The verse does not bar Muslim women from marrying believers in One God (mu’minin) or from among the ‘People of the Book’. But historically this has not happened obviously because a Muslim woman would have lost all her Qur’anic privileges as well as individual legal status by marrying a non-Muslim believer (mu’min) – who could also compel her to adopt his faith. However, with the permeation of Islamic values across the global multi-religious communities and the remoteness of the Qur’anic ideals from many Islamic societies, the table has turned and there have been cases of interfaith marriages between Muslim women and believing non-Muslim men

    Thank you and may God guide all of us in the right way.


    By muhammad yunus - 1/18/2012 7:17:32 AM

  • Mr. Shahid: According to my knowledge, "Halala" as a rule is not mentioned in Quran, you know the way of offering Namaz is also not there. Halala is not more than a marriage, but with a difference and within a time-frame. The article itself clearly clarifies your point. I would request Younus Sb to further elaborate your querry.

    By Raihan Nezami - 1/17/2012 1:18:59 PM

  • @RihanNezami - Can you please elaborate on your understanding of Halala and whetherit is permitted in Islam or not.

    @MuhammadYunus – You say if a man divorces his wife then she would have to marry someonebefore she can be married to him again. Halala says pretty much the same thing –what is the difference?

    @MuhammadYunus - You say that a man has to say 'talaq' 3 times but not at the same time,it has to be spread over the 3 months. Since there is no stated time betweensaying talaq once and the next two times a second or a minute or a month whichone is right and who decides that. Can you please clarify this point.

    @MuhammadYunus - I know that it is not related to this article but what does the Quransay about marriage between Muslims and non Muslims. We know that a Muslim malecan marry a woman of 'the book' - does this imply Christian and Jew only? Dothey have to convert? (probably not). With women of all other religious beliefsI suppose it is allowed unless they convert.

    Howabout Muslim women? They not allowed to marry anyone other than a Muslim male?Not even a Christian or Jew?



    By Shahid Husain - 1/17/2012 9:54:52 AM

  • Mr. Sharma says, "There is no valid reason to believe in the existence of any god." 

    Promoting atheism may be his agenda, but this article is about some specific issues.

    By Ghulam Mohiyuddin - 1/17/2012 9:38:07 AM

  • Janab Yunus Sb: I was in a hurry in the morning, but as a habit, I opened the site, had a cursory look upon the articles and went through the whole article by skimming . I found that one sentence begging for attention so I pointed out it; your effort is really commendable and I appreciate your courage as you have dedicated yourself for the noble cause of the reformnation of evil Islamic practices and offered your head to the altar.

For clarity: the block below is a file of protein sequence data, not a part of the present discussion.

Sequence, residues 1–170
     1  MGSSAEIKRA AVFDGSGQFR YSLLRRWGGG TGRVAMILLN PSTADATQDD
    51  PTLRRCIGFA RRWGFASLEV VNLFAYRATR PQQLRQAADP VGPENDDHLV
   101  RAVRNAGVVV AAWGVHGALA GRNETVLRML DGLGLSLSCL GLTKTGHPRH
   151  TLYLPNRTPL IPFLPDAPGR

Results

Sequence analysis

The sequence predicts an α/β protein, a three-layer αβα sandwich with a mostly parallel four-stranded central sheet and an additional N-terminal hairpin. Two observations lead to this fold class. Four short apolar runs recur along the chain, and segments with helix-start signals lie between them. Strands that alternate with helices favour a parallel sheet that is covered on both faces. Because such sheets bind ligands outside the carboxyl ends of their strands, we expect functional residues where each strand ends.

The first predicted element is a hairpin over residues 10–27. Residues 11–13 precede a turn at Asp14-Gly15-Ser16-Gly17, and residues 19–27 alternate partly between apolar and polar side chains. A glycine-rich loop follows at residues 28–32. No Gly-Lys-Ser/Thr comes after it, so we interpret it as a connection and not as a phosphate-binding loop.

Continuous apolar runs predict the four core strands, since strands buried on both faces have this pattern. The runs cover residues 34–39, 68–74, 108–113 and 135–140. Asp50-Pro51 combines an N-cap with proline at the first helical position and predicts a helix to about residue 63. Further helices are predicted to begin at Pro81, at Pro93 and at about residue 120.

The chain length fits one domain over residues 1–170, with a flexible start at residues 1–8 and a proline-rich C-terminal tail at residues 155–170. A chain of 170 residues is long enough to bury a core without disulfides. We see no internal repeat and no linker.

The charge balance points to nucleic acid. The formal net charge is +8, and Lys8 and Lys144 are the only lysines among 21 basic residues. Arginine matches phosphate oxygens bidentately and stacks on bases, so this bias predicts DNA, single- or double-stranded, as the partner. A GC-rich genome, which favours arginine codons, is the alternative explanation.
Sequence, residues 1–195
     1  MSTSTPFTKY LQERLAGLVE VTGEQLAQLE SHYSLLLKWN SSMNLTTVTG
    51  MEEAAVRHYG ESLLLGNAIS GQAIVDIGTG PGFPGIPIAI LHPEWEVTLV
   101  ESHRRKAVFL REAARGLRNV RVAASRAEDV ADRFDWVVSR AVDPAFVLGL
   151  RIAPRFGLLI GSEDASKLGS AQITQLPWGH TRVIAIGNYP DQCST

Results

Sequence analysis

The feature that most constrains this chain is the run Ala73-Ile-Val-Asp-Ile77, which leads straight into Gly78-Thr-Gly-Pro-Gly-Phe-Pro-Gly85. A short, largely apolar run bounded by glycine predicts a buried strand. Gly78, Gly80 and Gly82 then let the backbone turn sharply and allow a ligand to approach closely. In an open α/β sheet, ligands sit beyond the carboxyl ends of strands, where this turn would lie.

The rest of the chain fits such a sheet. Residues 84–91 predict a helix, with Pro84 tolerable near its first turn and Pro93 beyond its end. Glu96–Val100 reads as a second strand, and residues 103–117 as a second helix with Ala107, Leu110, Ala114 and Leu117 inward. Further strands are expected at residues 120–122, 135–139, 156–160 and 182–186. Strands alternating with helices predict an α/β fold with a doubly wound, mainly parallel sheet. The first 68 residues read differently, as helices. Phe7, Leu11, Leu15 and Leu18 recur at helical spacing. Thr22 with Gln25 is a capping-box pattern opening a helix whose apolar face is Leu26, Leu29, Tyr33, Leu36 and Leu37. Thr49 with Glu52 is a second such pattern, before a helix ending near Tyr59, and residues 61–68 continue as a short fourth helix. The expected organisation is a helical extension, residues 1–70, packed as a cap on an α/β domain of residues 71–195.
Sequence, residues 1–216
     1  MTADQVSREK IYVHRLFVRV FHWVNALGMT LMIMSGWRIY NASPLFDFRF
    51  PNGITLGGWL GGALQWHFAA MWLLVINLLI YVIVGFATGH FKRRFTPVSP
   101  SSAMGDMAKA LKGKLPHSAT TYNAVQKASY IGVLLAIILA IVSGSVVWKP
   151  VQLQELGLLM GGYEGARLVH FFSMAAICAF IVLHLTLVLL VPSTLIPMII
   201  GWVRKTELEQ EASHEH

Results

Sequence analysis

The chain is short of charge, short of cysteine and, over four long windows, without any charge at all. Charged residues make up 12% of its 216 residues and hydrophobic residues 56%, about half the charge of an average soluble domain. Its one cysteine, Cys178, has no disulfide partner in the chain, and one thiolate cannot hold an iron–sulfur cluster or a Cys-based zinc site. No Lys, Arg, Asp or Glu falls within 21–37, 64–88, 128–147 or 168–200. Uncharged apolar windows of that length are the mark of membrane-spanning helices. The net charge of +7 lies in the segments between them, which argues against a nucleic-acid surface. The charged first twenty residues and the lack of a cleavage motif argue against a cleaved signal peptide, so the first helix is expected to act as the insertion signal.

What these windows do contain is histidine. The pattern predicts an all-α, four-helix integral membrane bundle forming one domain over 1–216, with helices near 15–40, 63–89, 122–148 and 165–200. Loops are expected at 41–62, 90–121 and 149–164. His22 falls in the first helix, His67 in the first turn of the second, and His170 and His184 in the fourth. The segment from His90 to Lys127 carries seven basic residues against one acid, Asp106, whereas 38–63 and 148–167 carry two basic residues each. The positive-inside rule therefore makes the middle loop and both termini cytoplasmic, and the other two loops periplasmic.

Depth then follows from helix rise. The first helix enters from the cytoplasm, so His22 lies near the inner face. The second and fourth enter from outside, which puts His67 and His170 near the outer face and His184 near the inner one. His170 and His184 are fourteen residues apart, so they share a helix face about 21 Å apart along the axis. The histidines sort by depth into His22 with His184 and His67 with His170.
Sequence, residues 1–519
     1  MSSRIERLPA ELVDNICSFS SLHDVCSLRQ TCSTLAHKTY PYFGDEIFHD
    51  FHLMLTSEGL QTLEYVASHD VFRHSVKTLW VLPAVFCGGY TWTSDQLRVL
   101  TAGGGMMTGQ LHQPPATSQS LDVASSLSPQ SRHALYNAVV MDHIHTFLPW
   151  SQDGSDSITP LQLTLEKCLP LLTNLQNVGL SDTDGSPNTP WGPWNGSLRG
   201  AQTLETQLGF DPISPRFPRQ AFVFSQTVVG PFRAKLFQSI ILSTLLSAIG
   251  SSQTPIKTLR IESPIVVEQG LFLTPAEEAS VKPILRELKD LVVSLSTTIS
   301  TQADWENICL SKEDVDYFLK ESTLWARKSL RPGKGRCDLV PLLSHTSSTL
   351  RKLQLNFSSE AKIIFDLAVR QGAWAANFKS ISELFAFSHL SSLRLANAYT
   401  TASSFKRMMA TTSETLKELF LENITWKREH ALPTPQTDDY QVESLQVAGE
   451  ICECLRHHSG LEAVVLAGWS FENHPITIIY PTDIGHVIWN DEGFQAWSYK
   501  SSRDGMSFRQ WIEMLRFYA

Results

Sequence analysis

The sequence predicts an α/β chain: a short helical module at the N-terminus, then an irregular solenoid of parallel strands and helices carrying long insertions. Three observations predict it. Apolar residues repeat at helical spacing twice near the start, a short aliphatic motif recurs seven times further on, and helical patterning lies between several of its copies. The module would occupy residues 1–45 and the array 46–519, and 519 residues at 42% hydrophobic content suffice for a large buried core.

Actually there is nothing wrong in the Islamic practices if one goes accordingly, but some people with vested interest have spoilt its face by manipulating some rules suitable to their business. Halala is one such case which has been widely misused, wrongly interpreted and made a wrong practice. If one goes into detail; as you have done it, it is quite clear (Azhar min al-shamsh); there is no question of any ambiguity, but alas! what to be said to the concerning parents, husbads and mostly affected woman who agrees to the wrong dictact of any so-called Mullah. I want to quote one paragraph from your article,

    The Qur’an does not permit the marriage of a divorced woman with her ex-husband after the expiry of the three month-time-frame. She must marry a new spouse, live with him as his wife and should this second marriage fail and her new husband divorces her, she could remarry her first husband after the expiry of the three month waiting/notice period (Iddat) (2:230).

    In the light of the above quotation, there is no scope for any confusion. It is a pure case of marriage. The woman is made free to re-marry; in case the husband dies or she is divorced again; she can think to marry her first husband again. There should not be any pre-arrangement or agreement between the first husband and second husband.

    The marriage should not be performed for a night only; it should be a complete marriage with the period of iddat being completed in advent of any mis-happening. Ultimately, the concerning woman should be given absolute freedom to decide in this regard, in that situation the woman would never agree to any such proposal for the sake of children or family. And it should not be; as Allah Kareem is the Provider to one and all, here and there, evrywhere.

    By Raihan Nezami - 1/17/2012 9:08:44 AM